Team ERA drops out of AMS election

Chen and Parker apologize for harm caused by the circulated image

Team ERA from left to right: Elizabeth McHarg, Ryan Chen, Alicia Parker.

At around 2:50 p.m. on Feb. 4, Team ERA—Elisabeth McHarg, ArtSci ’23, Ryan Chen, Kin ’23, and Alicia Parker, ArtSci ’24—asked to be removed from the AMS elections ballot.

This action is in response to an image released at the AMS debate on Thursday of McHarg with a racist caption. Both Chen and Parker said in a post to the team’s official Instagram they don’t believe McHarg’s name should be present on the ballot.

In the social media story post, Chen and Parker said they are incredibly sorry to all the students or community who may have seen or read about this photograph.

“As a result of these actions, we agree that Elisabeth McHarg’s name should not be present on the upcoming AMS election ballot,” Chen and Parker said on their Instagram story.

Chen and Parker said they looked for ways to uphold their platform without having McHarg on the ballot after being informed they could not run in a slate of two.

“As a result, we have asked for Team ERA to be removed from the upcoming election. While the two of us still believe in the platform we built and are committed to the ideas and values presented there, we don’t believe Team ERA’s candidacy is worth the harm it will cause to the student body.”

At the end of the post, Chen and Parker expressed concern for all students who were negatively impacted and apologized for all harm caused.

Teams KMV—consisting of Kate McCuaig, ArtSci ’23, Michelle Hudson, ArtSci ’23, and Victoria Mills, ArtSci ’23—and TBD—consisting of Thomas Crawford, ArtSci ’23, Ben Bertin, ArtSci ’23, and Dante Caloia, ArtSci ’23—will be the only two teams on the ballot on Monday.

The AMS released a public statement around 4:30 p.m. on Feb. 4 expanding on their comments sent to The Journal on Feb. 3. The statement can be read in full on the AMS website.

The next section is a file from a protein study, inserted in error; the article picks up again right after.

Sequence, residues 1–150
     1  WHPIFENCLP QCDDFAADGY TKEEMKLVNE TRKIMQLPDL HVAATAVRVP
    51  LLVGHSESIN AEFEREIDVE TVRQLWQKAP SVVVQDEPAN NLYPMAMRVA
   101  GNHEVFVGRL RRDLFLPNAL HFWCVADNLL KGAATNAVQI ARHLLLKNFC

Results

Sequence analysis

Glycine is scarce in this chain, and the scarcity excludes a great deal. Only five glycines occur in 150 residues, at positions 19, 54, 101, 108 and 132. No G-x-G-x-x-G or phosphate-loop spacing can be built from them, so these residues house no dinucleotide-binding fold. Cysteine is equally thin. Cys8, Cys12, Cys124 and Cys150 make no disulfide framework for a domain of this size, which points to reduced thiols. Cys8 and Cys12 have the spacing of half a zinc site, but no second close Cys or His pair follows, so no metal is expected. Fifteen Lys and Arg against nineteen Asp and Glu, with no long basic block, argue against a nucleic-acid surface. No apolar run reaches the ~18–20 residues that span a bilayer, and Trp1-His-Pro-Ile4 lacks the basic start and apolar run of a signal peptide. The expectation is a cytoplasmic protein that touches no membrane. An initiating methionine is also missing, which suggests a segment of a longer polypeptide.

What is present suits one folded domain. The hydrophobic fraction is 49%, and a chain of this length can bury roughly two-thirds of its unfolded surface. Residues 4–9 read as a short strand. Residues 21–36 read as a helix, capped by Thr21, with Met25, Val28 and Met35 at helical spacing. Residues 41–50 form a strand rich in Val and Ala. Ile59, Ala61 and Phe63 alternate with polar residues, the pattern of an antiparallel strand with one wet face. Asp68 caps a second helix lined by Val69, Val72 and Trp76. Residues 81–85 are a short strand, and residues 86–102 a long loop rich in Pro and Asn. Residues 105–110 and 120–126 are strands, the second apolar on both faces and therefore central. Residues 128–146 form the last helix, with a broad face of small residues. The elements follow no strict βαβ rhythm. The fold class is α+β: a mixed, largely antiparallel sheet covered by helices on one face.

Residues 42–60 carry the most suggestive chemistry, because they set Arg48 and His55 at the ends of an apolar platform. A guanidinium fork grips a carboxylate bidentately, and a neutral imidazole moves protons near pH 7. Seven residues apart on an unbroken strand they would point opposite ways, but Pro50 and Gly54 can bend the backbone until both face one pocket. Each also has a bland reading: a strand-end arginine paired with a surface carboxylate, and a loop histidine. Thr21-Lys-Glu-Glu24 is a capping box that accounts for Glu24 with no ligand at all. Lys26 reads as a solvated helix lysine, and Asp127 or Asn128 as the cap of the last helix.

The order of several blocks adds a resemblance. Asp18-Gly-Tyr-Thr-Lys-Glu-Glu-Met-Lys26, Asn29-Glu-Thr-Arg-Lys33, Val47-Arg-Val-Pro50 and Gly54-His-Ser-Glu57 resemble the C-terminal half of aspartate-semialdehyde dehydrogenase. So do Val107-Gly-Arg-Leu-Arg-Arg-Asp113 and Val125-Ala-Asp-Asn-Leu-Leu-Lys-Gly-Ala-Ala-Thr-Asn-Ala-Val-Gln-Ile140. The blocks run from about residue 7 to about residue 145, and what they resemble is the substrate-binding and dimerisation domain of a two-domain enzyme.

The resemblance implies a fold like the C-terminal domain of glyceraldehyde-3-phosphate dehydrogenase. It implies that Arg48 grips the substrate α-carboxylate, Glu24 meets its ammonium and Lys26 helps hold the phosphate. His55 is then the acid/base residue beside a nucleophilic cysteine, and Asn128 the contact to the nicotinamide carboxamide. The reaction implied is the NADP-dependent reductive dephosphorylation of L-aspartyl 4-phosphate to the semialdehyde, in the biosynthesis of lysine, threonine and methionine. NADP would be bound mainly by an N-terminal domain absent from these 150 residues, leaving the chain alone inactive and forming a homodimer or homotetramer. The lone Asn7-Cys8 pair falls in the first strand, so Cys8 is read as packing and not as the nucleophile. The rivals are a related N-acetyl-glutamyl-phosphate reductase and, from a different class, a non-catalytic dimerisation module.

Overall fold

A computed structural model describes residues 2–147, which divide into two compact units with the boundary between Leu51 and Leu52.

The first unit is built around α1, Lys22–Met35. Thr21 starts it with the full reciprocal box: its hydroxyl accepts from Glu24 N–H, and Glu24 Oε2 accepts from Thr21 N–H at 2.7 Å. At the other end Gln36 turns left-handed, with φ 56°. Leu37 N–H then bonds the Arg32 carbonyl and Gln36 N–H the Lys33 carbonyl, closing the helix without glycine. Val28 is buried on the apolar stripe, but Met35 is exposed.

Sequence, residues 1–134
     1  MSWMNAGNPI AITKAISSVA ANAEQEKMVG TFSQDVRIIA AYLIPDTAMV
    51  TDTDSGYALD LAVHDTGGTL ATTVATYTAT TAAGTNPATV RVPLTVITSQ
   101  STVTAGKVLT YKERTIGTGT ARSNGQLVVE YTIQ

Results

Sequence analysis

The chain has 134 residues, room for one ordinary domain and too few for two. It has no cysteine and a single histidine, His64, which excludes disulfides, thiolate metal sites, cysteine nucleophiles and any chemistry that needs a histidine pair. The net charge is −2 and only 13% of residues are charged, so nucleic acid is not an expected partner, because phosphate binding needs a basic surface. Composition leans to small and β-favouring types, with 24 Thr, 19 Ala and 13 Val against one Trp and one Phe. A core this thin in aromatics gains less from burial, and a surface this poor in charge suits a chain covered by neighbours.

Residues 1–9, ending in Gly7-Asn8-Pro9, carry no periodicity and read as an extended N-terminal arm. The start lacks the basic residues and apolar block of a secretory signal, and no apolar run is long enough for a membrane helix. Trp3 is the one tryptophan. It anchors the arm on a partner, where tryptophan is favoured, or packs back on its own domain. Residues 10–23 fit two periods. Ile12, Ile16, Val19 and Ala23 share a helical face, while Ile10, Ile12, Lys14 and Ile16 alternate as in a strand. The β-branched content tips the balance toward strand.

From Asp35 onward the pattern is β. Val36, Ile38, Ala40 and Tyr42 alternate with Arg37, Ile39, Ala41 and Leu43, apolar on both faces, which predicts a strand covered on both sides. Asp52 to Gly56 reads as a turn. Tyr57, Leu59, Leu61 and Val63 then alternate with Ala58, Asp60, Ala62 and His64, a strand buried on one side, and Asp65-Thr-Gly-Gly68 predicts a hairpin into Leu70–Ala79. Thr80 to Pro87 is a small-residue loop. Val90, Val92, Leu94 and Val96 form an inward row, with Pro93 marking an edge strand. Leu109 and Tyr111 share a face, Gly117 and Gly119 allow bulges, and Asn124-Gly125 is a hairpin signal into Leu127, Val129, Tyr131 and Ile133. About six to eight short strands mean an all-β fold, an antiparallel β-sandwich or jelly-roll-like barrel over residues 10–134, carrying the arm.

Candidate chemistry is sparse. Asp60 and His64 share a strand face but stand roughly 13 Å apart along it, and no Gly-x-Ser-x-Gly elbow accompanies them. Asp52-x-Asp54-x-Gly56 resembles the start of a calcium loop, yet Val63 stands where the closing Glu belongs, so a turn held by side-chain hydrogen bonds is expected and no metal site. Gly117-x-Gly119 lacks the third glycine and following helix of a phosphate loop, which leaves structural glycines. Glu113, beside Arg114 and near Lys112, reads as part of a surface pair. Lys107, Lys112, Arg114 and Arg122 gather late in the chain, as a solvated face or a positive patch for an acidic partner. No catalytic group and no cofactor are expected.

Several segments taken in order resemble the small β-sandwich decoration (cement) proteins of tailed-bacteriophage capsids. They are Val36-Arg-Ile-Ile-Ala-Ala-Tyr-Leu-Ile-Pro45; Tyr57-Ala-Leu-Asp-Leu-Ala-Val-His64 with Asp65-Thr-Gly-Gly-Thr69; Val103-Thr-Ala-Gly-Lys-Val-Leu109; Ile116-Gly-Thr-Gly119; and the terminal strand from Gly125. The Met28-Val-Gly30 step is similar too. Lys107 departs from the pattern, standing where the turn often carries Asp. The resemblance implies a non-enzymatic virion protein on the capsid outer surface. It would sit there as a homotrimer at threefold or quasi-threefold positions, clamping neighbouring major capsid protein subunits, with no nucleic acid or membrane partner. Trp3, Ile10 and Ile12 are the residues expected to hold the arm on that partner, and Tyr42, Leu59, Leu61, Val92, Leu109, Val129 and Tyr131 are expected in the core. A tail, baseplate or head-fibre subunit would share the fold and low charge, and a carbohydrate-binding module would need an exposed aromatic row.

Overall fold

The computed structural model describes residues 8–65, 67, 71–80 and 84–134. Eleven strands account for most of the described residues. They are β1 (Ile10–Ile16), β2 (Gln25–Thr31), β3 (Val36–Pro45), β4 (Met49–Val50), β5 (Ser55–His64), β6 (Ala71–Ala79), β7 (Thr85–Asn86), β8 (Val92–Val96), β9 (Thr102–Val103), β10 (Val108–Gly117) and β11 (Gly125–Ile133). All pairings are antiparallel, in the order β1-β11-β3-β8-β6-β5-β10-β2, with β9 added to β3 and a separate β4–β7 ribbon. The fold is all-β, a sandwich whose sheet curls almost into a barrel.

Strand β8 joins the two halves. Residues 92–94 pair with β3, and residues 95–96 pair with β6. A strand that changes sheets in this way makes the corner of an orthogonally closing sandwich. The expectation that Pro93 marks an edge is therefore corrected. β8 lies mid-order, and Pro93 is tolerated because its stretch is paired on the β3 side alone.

The AMS continued to condemn the behaviour of McHarg in the distributed image, reiterating how the “harmful behaviours” don’t align with the core values and mandate of the organization. 

The statement made a commitment to consult relevant bodies—AMS Assembly, the AMS Board of Directors, and other stakeholders—on the future direction of elections policy. 

The AMS published a timeline of events in the statement. On Feb. 2 at 4 p.m., the AMS was preparing for the all-candidates debate when they were made aware of a “concerning allegation” through an anonymous question about an unspecified executive candidate. 

No official complaints had been submitted to the AMS at the time. The Society added a line in the debate moderator’s script telling the audience to email the AMS Secretariat if they had any concerns about “the comments made here tonight, the elections process, or the candidates.”

Between 7 to 9:30 p.m., more concerning questions were submitted via the debate question form. No immediate action could be taken, according to the AMS, as they had not seen the photo and did not know who submitted the questions.

The AMS learned of the airdropping of the photograph at around 9:30 p.m., immediately following the debate. Team ERA confirmed the authenticity of the photo to the AMS later that night.

On Feb. 3, the AMS started an internal investigation into election policies, according to their statement. They determined no appeals could be made to the Judicial Committee as a formal complaint wasn’t filed against ERA or McHarg.

The AMS received the first official complaint at 10:40 p.m. following the statement they sent to The Journal at 7:39 p.m. This statement gave the AMS grounds to continue the investigation, the statement said.

On Feb. 4, a second official complaint was received, and the elections team held an emergency elections team meeting at 1:53 p.m. Shortly thereafter, Team ERA contacted the Society to drop out of the election.


This article was updated with new information on Feb. 4 at 6:15 p.m.

More updates will be filed accordingly as information becomes available. 

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